Changes to the JobSeeker Payment in 2021: An Explainer
What are the key changes to the JobSeeker Payment in 2021? This article will explain all you need to know for the coming year.
In March 2020, in reaction to COVID-19, the Australian government initiated a program called JobSeeker which distributed fortnightly payments to unemployed persons who qualified under age, residence, income and employment-related criteria. It replaced the previous payment system “Newstart Allowance”. For more information direct from the government, read here. In 2021, the Jobseeker payment has experienced and will undergo changes. This article will walk you through them.
Who can qualify for JobSeeker payments?
In order to be an eligible recipient, you must fit certain criteria depending on your particular circumstances. The preliminary criteria concern the following factors:
Firstly, you must be between 22 years of age and the Age Pension age, which is 66.
2. Residence Rules
Secondly, you must be in compliance with residence rules. For example, you could be an Australian resident in Australia, have a non-protected Special Category visa, individual who has lived in Australia for 10 years non stop prior to claim.
You must also satisfy the income and assets tests. Follow the hyperlinked government factsheet to understand what each entails.
4. Employment Status
Finally, you must also be either unemployed and looking for work, or be sick and injured and unable to attend to study or employment commitments over a short period of time. The latter may require medical certificates, if related to sickness that is not COVID-related.
If you don’t meet your mutual obligation requirements, suspensions, demerits or financial penalties may apply.
What are the latest updates for the JobSeeker payment?
1. Eligibility ends
The extended eligibility period for JobSeeker payments concludes on March 31st, 2021.
2. Supplement reduced
If you are one of the approximately 1.6 million people who have already qualified for JobSeeker, you will be familiar with these Coronavirus supplements in which eligible job seekers received $550 every 2 weeks. This was slashed down to $250 in October. Since January, the supplement has then gone to a further reduced amount of $150.
After April, the supplement will no longer follow the fixed fortnightly rate. Individuals will instead be eligible to the usual Job Seeker payment structure calculated depending on which category aligns with their situation. Situations include being single with no children, single with a dependent child, 60+ year-old single after 9 continuous months of payments, partnered, single principle carer granted an exemption for specific reasons. These reasons include being a foster carer, a non-parent caring for a relative due to a court order, home-schooling, carrying out distance education, or having a large family.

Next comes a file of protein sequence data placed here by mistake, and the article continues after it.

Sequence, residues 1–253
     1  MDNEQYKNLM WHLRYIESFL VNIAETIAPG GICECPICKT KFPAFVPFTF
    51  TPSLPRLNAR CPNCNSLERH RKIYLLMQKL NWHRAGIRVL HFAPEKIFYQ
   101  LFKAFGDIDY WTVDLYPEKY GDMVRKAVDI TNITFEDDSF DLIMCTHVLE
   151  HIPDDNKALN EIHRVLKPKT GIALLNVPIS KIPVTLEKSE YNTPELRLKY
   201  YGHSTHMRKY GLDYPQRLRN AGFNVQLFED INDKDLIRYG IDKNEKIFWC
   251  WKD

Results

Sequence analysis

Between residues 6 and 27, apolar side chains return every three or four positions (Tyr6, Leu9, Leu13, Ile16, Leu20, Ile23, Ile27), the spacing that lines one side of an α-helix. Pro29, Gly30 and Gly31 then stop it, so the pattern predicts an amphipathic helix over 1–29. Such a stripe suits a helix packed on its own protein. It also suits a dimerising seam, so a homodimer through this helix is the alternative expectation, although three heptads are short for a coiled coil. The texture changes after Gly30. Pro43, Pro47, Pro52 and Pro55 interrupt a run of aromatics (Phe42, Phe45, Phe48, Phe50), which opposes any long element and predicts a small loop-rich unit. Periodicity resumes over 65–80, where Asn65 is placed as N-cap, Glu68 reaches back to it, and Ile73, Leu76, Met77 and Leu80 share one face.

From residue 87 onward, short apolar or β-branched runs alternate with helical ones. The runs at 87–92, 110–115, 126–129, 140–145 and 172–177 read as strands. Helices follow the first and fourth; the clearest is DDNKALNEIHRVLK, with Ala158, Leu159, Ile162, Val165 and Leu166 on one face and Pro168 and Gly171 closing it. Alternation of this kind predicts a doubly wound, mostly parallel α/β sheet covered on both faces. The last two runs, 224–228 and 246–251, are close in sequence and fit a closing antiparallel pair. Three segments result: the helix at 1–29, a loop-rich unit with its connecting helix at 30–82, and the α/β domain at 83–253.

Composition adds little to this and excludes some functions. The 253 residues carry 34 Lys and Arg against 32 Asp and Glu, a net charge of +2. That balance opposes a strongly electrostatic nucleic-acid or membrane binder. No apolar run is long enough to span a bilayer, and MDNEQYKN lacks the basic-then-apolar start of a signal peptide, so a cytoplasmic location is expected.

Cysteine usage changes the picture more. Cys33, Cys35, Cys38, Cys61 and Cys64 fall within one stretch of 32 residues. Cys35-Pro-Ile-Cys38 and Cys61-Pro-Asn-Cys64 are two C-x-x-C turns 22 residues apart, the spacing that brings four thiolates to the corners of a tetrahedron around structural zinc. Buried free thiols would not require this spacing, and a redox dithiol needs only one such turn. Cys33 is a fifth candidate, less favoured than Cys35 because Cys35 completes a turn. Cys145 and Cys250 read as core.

3. Mutual obligations
From 28 September 2020, the Government introduced additional compulsory obligations required by JobSeeker in order to continue qualifying for the entitlement. Job seekers are expected to carry out all tasks found within their Job Plan, attend appointments with their employment services providers, document proof of their job searches and accept any offer of what was deemed “suitable work”.
JobSeeker is just one of many government initiatives to help Australians to survive in this tough economic and employment climate. To become a paid Job Seeker, one must fulfil requirements relating to their age, residence, income and employment requirements. In 2021, as the economy opens up again and workplaces become better accustomed to COVID-19, there have been major changes to the Job Seeker payments. As explained above, the eligibility period will end in March, the supplement amounts have gradually decreased before following a situation-based structure in April, and the enforcement of mutual obligations has become stricter.
Julia is a Legal Technology Intern at Lawpath, as part of the Content Team. She is currently studying a Bachelor of Commerce and Bachelor of Laws at the University of Sydney. Her interests lie in personal injury law, commercial law and the role of technology to transform and boost the accessibility of legal services.